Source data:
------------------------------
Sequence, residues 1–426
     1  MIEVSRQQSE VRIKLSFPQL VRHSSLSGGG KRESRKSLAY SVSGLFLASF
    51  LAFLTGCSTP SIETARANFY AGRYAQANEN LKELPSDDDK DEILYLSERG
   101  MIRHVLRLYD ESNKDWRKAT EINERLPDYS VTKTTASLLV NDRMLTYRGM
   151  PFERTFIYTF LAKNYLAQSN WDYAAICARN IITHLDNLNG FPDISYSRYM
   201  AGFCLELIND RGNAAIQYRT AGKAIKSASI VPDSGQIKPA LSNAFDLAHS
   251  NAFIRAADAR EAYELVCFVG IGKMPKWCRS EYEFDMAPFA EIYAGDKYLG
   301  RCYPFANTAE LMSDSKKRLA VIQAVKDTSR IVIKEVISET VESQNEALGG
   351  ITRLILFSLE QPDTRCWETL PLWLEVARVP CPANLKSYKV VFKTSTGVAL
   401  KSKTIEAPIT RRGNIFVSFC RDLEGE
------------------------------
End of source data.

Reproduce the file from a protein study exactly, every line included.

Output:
Sequence, residues 1–426
     1  MIEVSRQQSE VRIKLSFPQL VRHSSLSGGG KRESRKSLAY SVSGLFLASF
    51  LAFLTGCSTP SIETARANFY AGRYAQANEN LKELPSDDDK DEILYLSERG
   101  MIRHVLRLYD ESNKDWRKAT EINERLPDYS VTKTTASLLV NDRMLTYRGM
   151  PFERTFIYTF LAKNYLAQSN WDYAAICARN IITHLDNLNG FPDISYSRYM
   201  AGFCLELIND RGNAAIQYRT AGKAIKSASI VPDSGQIKPA LSNAFDLAHS
   251  NAFIRAADAR EAYELVCFVG IGKMPKWCRS EYEFDMAPFA EIYAGDKYLG
   301  RCYPFANTAE LMSDSKKRLA VIQAVKDTSR IVIKEVISET VESQNEALGG
   351  ITRLILFSLE QPDTRCWETL PLWLEVARVP CPANLKSYKV VFKTSTGVAL
   401  KSKTIEAPIT RRGNIFVSFC RDLEGE